Beginning at least by early 1862 when the Union army moved up the James River, residents of Petersburg feared invasion. Later in the war, the city actually became a strategic target. Citizens experienced extreme anxiety—more usually associated with the uncertainty of life in no-man's-land and the hectic pace of life on the Confederate frontier. During the siege of 1864–65, when the frontier actually collapsed to Petersburg, Union artillery obliterated portions of the city and terrorized the civilian population. But as fear mounted, so did resolve. As in much of Virginia, the rich and the poor were left destitute, with no means of escape. Petersburg was in part destroyed by the war: the shelling damaged or leveled 625 buildings. The city never regained its former prosperity and status.
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Pictured: Petersburg, Virginia. Effects of shot & shell on Dunlop house on Bollingbrook Street, 1865 (Library of Congress)
Counties along the James River were raided on occasion by Union cavalry, but most of rural southwest Virginia saw neither army. The landscape there survived the destructiveness experienced in so many other parts of the state. Slaves and free blacks of the region, however, were impressed to labor for the Confederacy, over the objections of white residents.
Lynchburg became a major transportation, supply, and hospital center for the Confederacy. Its access to the James River and Kanawha Canal and to three railroads linked it to Richmond and to other cities, and it was far enough removed from the Confederate frontier to be relatively safe from federal attack. Five hundred prominent women in Lynchburg established the Ladies' Relief Society and the Ladies' Relief Hospital, which grew to become the South's largest outpost hospital center, with a staff of fifty surgeons drawn from all parts of the Confederacy. Warehouses were converted into hospitals. Railroads brought the wounded, including 10,000 casualties from the battle of the Wilderness—more than the population of the town.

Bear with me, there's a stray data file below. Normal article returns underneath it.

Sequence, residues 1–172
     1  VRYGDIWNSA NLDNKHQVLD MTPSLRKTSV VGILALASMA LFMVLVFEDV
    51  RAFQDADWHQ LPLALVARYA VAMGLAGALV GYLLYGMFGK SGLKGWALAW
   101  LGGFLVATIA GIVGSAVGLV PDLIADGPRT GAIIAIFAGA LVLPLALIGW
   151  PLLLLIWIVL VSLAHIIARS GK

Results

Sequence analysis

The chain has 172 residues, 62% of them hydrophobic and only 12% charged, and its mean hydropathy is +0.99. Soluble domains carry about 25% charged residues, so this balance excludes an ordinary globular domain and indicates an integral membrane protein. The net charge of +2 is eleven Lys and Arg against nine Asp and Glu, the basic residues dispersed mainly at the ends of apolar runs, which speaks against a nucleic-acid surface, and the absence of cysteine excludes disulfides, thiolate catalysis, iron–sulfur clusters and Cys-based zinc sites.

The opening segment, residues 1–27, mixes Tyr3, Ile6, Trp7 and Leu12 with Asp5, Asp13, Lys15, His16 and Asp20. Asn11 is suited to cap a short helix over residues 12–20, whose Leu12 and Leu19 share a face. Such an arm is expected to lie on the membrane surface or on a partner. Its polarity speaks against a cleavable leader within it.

To disrupt the transportation and supply operations in Lynchburg, Lt. Gen. Ulysses S. Grant ordered Gen. David Hunter there in June 1864. Hunter approached from the Shenandoah Valley to within a mile of the city, but withdrew, fearful of its defenses. Enthusiasm for the war withered in Lynchburg following the repeated impressment of its men and resources. Some white residents joined African Americans there in welcoming the defeat of the Confederacy.
The largest city between Richmond and Atlanta, and a railroad center that connected the two, Danville also was made into an important supply depot and hospital center for the Confederacy. The Confederate Subsistence Department operated Danville Depot, a converted tobacco warehouse where supplies traveling north were stored. Thousands of sick and wounded soldiers were housed first in warehouses, until a large hospital complex was built conveniently near the train depot. An arsenal and prisons were also established in Danville. In 1862, the Danville Arsenal began manufacturing new arms and armaments, and repairing weapons. In 1863, on Gen. Robert E. Lee's recommendation, six tobacco warehouses were converted into prisons that soon housed some 5,000 Union soldiers. Danville's textile mills produced uniform fabric for the Confederacy.
Union cavalry in the Valley threatened Danville in June 1864, but withdrew in face of a Home Guard unit and an extensive network of earthworks—completed only days earlier.
Residents in the southwestern counties close to the North Carolina border, where support for slavery and for the Confederacy was weak from the start, increasingly grew weary of the war and many there rejected the war effort.
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Pictured: View of Danville, Va. (Library of Congress)